Legursky's NFL draft day could be a snap
HUNTINGTON -- Doug Legursky has realized true appreciation for one of football's most overlooked skills.
Yes, the powerful offensive lineman had dabbled in long snapping, but it never was a full-time venture. Now working to expand his National Football League resume, Legursky can offer himself as a proven center and guard and at least a capable snapper.
To that end, Legursky has called on a fellow former Marshall University standout for tutelage. Mike Bartrum, an all-time Thundering Herd tight end who enjoyed more than a decade of NFL long-snapping, is instructing Legursky in preparation for the April NFL Draft.
"Bartrum is working with me and it's getting better every day," Legursky said. "It adds something else to my arsenal."
Legursky, a four-year starter at Marshall, primarily played at center, but injuries occasionally shifted the Beckley native to guard. He never long-snapped at Marshall, but worked on the specialized skill during practice.
Long-snapping now is part of Legursky's weekly routine. Bartrum, long regarded as the NFL's top long-snapper, is coaching Legursky.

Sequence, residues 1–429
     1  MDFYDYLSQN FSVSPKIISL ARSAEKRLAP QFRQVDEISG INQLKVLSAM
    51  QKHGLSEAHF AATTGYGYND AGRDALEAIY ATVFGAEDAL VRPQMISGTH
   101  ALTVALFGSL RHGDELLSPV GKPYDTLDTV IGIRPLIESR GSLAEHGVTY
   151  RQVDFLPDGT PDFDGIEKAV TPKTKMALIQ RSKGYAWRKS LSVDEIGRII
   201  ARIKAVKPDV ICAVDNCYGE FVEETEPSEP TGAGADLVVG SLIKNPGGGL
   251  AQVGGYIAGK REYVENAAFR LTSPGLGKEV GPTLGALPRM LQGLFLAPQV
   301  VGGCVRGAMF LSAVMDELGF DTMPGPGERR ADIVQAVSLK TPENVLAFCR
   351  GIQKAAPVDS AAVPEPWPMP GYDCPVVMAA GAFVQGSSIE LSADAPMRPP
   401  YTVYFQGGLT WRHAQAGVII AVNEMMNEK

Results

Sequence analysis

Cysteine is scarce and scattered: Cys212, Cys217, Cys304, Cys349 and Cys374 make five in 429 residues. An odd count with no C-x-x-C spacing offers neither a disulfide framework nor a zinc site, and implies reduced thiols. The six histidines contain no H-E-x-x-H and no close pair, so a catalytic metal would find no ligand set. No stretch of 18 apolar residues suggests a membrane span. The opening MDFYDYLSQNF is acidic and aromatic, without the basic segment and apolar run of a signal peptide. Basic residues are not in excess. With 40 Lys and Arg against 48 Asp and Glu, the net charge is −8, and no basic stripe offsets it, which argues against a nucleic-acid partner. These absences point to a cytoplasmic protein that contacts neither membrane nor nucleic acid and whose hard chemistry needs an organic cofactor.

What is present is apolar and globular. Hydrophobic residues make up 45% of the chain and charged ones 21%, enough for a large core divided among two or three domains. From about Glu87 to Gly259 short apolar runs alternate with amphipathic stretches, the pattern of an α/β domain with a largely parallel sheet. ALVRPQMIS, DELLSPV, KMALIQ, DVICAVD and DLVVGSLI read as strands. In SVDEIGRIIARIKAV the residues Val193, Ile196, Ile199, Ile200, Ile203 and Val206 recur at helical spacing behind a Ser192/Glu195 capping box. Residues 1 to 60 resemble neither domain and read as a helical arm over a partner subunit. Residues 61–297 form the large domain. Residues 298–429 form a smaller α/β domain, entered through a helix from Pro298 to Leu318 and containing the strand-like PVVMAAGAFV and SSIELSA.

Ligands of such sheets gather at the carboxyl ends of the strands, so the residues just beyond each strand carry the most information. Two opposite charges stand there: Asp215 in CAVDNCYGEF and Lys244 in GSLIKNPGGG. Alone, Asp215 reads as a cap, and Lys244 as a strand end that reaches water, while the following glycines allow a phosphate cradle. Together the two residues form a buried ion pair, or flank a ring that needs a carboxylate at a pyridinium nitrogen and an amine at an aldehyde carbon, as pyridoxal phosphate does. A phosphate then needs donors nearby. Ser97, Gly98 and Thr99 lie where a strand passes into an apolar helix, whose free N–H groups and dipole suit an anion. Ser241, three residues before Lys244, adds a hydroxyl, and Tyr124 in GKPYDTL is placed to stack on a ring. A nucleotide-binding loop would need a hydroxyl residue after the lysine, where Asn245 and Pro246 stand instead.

Bartrum was the league's highest-paid snapper before retiring in 2007.
"It's good," Bartrum said of the training. "He's learning how to snap. I told him when they come in to work you, you can tell them you can snap.
"When they see you, they know you're at least trying to do it. And he's getting better."
It hasn't been a seamless process. Key to a successful snapping career is consistency; the best long-snappers are anonymous, but one mistake and you're known for regrettable reasons.
Legursky has been quick to recognize the subtleties of a thankless position.
"They're clearly artists on the field," Legursky said. "It doesn't come natural for me. That's for sure but I want to be that (consistent snapper). To be at that position you have to be perfect every time, and I give big credit to them.
"To be a long-snapper it takes a lot of work."
Legursky praises Bartrum, saying "he explains things very well that are hard to explain."
On March 21, Legursky will display his varying abilities at Marshall's Pro Day. Numerous NFL scouts will attend and could follow up with invitations for individual workouts at team sites.
Legursky's strength and athleticism at 6-foot-3 and 311 pounds aren't questioned. He's been timed at 4.79 seconds in the 40-yard dash and totaled 36 repetitions in the 225-pound bench press. He's considered a late-round or free agent prospect. A sound long-snapping performance could prove pivotal.
"Workout-wise, he's strong," Bartrum said. "He's strong. He's pretty athletic. He can move.
"He just needs a shot. He gets a shot and he can get in there and prove himself, he'll be fine."
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